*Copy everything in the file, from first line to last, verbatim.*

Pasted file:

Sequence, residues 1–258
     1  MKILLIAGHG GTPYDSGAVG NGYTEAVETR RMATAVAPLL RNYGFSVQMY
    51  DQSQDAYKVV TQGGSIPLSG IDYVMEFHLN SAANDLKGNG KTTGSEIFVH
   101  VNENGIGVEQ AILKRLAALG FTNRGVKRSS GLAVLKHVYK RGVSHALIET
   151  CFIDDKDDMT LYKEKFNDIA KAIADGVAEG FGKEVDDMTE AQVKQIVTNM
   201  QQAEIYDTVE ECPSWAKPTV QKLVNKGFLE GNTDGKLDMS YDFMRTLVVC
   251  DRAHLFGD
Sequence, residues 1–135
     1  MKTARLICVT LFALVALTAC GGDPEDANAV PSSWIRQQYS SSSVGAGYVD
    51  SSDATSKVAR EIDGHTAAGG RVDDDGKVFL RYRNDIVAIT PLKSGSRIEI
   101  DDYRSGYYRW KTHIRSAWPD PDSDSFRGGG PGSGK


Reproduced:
Sequence, residues 1–258
     1  MKILLIAGHG GTPYDSGAVG NGYTEAVETR RMATAVAPLL RNYGFSVQMY
    51  DQSQDAYKVV TQGGSIPLSG IDYVMEFHLN SAANDLKGNG KTTGSEIFVH
   101  VNENGIGVEQ AILKRLAALG FTNRGVKRSS GLAVLKHVYK RGVSHALIET
   151  CFIDDKDDMT LYKEKFNDIA KAIADGVAEG FGKEVDDMTE AQVKQIVTNM
   201  QQAEIYDTVE ECPSWAKPTV QKLVNKGFLE GNTDGKLDMS YDFMRTLVVC
   251  DRAHLFGD
Sequence, residues 1–135
     1  MKTARLICVT LFALVALTAC GGDPEDANAV PSSWIRQQYS SSSVGAGYVD
    51  SSDATSKVAR EIDGHTAAGG RVDDDGKVFL RYRNDIVAIT PLKSGSRIEI
   101  DDYRSGYYRW KTHIRSAWPD PDSDSFRGGG PGSGK